*Brownie point for those of you who get the reference
by Jennifer Harlow
When I was informed I was the person to post on this blog on Valentine’s Day I was a bit flummoxed. I mean, I’m the only one of our posters who has never been married or been in a long term relationship. I am one of the least sentimental, romantic women on the planet. I'm a fighter, not a lover. I've cried at exactly two movies in my lifetime. I'd much rather watch Texas Chainsaw Massacre than The Notebook, unless I want to fall asleep from boredom or see how many times I can roll my eyes in the space of two hours. When I read Romeo and Juliet I just wanted to smack the two teens upside their heads for being so stupid. I mean, hello! They were fourteen! So I was a bit wary about writing about romance, especially on Valentine's Day, as I am perpetually single and through feminism classes know that Valentine's day is just a holiday sprung from corporate greed and the only real reason all us female singletons feel bad about VD is the not-so-subtle brainwashing of females that we need a man to complete us and make our life worthwhile. (Thank you Disney).
I started on a post to reflect this, but since my last one about the West Memphis 3 was kind of aggressive and a downer I decided to embrace this “holiday” and do something upbeat(ish). So today I will pour some antifreeze in my veins to combat the ice and write about the romantic influences in my writing. Because I do believe in love, and do enjoy writing about it (as long as I get to kill a few things along the way.)
Here they are, in no particular order:
1. Titanic: This was one of the aforementioned movies that made me cry to this day (the other being Apollo 13 for some unknown reason.) The first time I saw it when my parents came to pick me up at the theater I was sobbing so hard they thought I'd been assaulted. It took a couple minutes for me to calm down before I could tell them what really happened. That I'd just seen the most touching love story ever. Not only is it a thrilling movie, the love story between Jack and Rose is wonderful. They shouldn't be together but find one another. They sacrifice for this love, him his life for her. And that last scene, when old Rose is on the boat, dies, then is reunited with Jack on the Titanic with everyone still makes me verklempt. Best epic love story ever.
2. Charlotte Bronte: Not her books, though Jane Eyre is a pretty decent love story especially considering something like it had never been done before. No Bronte's life is something that no writer could ever have come up with. Cliff's Notes version. A plain girl, she was born to a poor clergyman. Her mother and two older sisters died, leaving her the eldest girl. She had an isolated childhood with only her remaining three siblings and imagination to keep her company. As she got older she had to go to school to learn to be a teacher and she fell in love with her married teacher. He rebuffed her and she returned to the moors. Then she wrote a book, and it was a sensation. Of course within a year of it coming out all three of her siblings died, leaving her alone with her hard father. Then, out of the blue, her father's curate tells her he's been in love with her for years and wants to marry her. Her father goes ballistic, and though she's in her late 30s tells her to refuse. Curate then falls apart all over town, performing grand romantic gestures. She eventually gives in, and realizes on her honeymoon she's fallen in love with her husband. They're not even married a year when she dies of complications from her pregnancy. You can't make this stuff up.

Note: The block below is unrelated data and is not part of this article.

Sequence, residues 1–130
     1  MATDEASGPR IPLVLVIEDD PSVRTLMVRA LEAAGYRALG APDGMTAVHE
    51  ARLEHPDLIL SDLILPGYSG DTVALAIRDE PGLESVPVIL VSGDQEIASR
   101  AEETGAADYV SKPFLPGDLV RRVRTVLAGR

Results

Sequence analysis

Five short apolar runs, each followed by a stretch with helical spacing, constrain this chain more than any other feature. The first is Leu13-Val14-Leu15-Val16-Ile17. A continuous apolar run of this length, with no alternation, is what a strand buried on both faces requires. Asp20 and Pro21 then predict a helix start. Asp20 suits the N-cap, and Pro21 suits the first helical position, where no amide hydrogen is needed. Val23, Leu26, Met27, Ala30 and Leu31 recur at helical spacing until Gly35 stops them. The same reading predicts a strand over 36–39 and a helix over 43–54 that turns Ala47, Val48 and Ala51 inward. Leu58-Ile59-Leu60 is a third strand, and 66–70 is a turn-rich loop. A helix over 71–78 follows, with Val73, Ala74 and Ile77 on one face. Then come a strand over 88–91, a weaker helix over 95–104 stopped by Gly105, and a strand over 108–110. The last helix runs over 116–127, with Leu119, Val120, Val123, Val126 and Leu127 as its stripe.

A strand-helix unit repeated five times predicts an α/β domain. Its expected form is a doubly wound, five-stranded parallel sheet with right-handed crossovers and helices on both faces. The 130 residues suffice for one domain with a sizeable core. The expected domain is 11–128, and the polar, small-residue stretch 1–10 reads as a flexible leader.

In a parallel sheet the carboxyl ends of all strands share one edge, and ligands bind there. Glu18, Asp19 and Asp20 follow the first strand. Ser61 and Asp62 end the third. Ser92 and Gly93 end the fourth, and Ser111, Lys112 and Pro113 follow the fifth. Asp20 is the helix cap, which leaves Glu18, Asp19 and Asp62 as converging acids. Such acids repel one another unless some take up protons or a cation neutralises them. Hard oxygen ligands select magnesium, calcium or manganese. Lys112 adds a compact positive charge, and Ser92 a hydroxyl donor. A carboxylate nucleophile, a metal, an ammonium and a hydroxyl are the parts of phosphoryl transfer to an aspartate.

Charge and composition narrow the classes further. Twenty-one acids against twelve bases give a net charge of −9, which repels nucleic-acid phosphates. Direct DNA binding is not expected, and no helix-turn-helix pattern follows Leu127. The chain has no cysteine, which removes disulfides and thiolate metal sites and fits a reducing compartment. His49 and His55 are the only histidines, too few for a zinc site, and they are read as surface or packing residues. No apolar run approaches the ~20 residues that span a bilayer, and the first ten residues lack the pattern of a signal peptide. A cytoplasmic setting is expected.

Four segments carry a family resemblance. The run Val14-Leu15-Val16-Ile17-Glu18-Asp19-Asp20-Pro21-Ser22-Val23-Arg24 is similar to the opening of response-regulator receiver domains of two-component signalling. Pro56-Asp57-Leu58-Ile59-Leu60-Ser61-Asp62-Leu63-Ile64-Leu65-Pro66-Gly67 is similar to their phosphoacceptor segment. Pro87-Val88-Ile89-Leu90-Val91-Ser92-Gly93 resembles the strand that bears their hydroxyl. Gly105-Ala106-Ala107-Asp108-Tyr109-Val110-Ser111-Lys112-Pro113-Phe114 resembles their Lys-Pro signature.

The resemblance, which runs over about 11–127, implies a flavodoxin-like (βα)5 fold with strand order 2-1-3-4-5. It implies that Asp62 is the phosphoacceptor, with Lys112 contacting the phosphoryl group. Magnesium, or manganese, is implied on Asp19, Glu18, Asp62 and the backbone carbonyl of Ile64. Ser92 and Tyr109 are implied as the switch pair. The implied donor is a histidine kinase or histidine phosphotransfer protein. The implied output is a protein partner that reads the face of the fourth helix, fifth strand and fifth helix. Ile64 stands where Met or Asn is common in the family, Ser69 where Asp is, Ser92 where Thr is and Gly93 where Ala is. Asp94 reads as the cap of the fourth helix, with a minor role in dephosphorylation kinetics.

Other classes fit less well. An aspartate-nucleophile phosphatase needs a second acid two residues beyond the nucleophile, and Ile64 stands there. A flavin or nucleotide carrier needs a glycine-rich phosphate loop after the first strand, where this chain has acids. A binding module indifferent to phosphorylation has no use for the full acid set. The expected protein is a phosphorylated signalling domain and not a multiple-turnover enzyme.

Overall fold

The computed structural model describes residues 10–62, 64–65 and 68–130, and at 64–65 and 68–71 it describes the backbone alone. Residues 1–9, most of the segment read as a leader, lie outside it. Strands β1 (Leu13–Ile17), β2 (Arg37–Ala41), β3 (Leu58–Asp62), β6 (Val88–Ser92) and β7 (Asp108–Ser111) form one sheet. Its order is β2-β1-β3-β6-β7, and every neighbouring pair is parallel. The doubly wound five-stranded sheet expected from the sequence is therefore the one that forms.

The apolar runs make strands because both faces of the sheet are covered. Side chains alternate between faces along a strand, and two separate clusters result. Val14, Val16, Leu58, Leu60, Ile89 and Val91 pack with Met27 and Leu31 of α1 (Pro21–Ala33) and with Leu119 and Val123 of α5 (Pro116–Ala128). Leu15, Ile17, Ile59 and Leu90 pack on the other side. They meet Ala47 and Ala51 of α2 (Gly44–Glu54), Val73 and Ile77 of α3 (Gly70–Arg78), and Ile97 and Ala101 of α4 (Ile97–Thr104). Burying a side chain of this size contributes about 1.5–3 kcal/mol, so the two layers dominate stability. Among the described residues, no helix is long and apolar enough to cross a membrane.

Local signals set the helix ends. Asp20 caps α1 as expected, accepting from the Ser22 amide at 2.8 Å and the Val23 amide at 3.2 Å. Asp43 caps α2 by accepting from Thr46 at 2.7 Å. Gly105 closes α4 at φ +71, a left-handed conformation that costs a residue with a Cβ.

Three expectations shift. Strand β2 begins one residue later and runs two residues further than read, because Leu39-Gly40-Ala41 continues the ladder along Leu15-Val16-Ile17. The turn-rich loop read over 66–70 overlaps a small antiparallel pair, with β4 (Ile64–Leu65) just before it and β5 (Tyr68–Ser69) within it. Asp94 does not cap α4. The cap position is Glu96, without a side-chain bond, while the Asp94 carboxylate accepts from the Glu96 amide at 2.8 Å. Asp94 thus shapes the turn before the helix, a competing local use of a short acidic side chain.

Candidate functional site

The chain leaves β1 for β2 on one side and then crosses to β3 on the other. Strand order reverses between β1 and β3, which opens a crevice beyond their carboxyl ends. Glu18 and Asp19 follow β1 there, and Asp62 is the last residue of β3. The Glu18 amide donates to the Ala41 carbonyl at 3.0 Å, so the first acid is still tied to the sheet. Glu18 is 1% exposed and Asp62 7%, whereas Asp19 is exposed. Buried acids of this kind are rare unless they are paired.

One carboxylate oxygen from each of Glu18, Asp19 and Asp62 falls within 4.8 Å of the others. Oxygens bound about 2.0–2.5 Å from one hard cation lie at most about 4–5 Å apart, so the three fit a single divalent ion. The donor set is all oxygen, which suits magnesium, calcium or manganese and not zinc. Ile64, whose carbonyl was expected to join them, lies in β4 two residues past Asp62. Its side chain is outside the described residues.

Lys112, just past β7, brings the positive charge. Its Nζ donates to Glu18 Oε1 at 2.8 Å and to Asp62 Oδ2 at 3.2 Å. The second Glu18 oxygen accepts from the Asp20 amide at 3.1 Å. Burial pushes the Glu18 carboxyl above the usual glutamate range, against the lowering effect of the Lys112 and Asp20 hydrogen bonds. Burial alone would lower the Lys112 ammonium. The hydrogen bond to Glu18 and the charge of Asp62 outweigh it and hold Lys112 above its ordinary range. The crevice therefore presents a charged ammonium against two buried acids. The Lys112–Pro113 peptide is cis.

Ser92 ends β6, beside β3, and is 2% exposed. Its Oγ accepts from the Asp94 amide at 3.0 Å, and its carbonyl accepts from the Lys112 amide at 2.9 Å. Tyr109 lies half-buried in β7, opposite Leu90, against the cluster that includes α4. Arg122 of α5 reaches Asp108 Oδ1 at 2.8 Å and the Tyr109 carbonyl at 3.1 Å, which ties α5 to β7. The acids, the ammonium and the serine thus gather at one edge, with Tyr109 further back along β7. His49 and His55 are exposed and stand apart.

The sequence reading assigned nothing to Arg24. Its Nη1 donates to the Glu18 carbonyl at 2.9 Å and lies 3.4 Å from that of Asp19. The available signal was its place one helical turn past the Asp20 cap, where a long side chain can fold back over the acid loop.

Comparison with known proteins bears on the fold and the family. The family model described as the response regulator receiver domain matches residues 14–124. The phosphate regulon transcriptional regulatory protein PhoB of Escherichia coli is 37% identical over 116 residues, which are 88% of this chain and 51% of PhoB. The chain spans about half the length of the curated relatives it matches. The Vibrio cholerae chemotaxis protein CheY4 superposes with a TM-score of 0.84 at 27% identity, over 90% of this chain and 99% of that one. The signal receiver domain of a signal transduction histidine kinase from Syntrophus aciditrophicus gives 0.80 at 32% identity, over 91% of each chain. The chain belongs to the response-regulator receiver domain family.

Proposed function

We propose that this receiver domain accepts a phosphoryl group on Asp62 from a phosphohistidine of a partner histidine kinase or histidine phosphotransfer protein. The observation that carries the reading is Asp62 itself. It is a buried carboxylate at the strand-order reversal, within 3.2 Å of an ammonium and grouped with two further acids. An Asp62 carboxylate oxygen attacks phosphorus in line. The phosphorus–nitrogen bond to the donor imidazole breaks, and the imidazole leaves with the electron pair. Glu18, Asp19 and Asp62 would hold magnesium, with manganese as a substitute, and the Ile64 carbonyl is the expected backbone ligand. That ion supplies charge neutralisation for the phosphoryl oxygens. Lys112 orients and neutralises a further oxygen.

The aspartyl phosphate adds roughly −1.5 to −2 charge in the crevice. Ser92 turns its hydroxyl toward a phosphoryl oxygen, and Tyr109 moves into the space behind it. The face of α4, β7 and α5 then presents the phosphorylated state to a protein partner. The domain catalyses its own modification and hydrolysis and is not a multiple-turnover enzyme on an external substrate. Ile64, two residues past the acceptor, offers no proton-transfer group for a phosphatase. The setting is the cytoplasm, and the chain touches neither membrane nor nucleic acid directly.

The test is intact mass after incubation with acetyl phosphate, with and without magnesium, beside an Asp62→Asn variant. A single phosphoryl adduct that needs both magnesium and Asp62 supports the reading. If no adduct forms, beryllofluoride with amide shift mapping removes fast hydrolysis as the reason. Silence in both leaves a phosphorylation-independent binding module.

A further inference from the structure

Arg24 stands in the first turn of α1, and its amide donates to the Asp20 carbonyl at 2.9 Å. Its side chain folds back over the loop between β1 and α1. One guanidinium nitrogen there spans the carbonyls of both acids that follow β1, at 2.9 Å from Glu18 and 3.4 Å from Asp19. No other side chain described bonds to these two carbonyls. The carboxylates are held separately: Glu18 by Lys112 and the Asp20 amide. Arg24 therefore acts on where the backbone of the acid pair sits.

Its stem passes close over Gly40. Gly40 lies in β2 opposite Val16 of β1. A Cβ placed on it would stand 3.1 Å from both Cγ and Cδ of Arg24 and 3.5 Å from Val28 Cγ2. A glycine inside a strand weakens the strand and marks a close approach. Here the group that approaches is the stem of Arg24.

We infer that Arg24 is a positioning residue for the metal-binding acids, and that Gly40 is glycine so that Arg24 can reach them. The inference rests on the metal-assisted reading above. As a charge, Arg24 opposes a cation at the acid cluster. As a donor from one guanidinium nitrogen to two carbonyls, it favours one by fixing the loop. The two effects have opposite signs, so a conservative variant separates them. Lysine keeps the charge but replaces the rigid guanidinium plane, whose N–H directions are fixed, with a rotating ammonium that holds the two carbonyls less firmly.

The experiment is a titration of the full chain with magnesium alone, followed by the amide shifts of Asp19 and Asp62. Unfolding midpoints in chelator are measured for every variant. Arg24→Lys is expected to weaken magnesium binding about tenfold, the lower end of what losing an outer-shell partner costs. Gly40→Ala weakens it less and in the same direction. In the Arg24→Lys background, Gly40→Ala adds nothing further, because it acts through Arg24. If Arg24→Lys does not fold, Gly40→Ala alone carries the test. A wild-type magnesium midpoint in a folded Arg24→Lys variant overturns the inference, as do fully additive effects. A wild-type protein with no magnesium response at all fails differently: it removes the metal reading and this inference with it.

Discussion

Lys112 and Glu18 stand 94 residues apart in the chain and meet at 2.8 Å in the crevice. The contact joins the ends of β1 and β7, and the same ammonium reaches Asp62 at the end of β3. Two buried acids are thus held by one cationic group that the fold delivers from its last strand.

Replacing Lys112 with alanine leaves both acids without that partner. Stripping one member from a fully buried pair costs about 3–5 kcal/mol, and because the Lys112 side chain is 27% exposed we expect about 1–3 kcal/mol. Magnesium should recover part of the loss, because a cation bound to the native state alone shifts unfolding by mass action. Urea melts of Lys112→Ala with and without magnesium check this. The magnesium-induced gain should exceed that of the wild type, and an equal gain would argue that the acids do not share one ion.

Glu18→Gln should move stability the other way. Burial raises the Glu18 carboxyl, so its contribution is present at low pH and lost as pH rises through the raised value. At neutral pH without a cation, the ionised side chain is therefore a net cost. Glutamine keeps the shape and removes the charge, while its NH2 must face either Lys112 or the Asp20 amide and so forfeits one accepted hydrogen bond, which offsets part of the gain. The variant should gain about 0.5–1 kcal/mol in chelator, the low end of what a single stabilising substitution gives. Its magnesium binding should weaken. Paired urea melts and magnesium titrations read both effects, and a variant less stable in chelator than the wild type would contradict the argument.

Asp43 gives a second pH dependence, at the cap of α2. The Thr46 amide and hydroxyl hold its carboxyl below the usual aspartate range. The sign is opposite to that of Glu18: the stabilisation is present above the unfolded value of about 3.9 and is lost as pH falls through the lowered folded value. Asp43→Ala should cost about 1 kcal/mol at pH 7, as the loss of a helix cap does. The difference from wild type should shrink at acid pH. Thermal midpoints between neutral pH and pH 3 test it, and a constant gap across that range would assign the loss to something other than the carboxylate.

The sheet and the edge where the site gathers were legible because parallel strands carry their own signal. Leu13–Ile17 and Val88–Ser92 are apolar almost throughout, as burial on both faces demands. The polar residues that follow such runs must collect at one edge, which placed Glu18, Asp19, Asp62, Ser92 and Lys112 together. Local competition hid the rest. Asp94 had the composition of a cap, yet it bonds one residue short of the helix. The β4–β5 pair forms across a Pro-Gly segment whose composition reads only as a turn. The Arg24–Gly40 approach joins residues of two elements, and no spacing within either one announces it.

3. Bet Me by Jennifer Crusie: This is one of my favorite books ever. I laughed, I got misty, I stayed up all night reading it. It's about two un-perfect people who try to stay away from each other but fate keeps throwing them together. It's how I wish love could be. Just read it.
4. Ralph Fiennes: Yes, I heart Voldemort. While all the other girls had Johnathan Taylor Thomas or Brad Pitt posters, I had Mr. Fiennes. From age 12 to 20 he was the lead of all my insomnia fueled imagination sessions. He was my romantic hero, and from The English Patient to Strange Days (I still melt in that final scene when he scoops up Angela Bassett, stares into her eyes, and kisses her) he gave me a lot to work with. I even decided to write my first book after seeing one of his movies, Red Dragon (it hasn't been published yet). He's still my favorite actor.
5. My grandparents and parents: Once upon a time there was a 19 year old girl living in Nottingham, England who attended an Air Force dance with her mate. There she met a dashing plane mechanic from New Jersey. They danced the night away, had two more dates, then she agreed to move to America with him. They are celebrating their 56th wedding anniversary this year. On the other side of the pond Jim and Ginny were introduced through friends. They married, had two sons, divorced, then ten years later realized they still loved each other and re-married. Right now he has Alzheimer's and she's taking care of him. From those two unions came Mark and Susan. They met on a blind date, dated for two years, then married 30 years ago. They've survived ten moves to four states, cancer scares, a sick possibly dying young son, raising four children, and having the snarky me as a daughter. This is real love. It's all about mutual respect. Loyalty. Compromise. Being equal partners. Theirs are true love stories.
What about you? What is your definition of romance and love? What movies/books/songs make you feel the love?
So anyway, Happy League of Women Voter Day AKA Valentine's Day! Now, if you'll excuse me, I have a date with a box of chocolates I bought for myself and Leatherface.
Happy Valentine’s Day! =P XXXOOO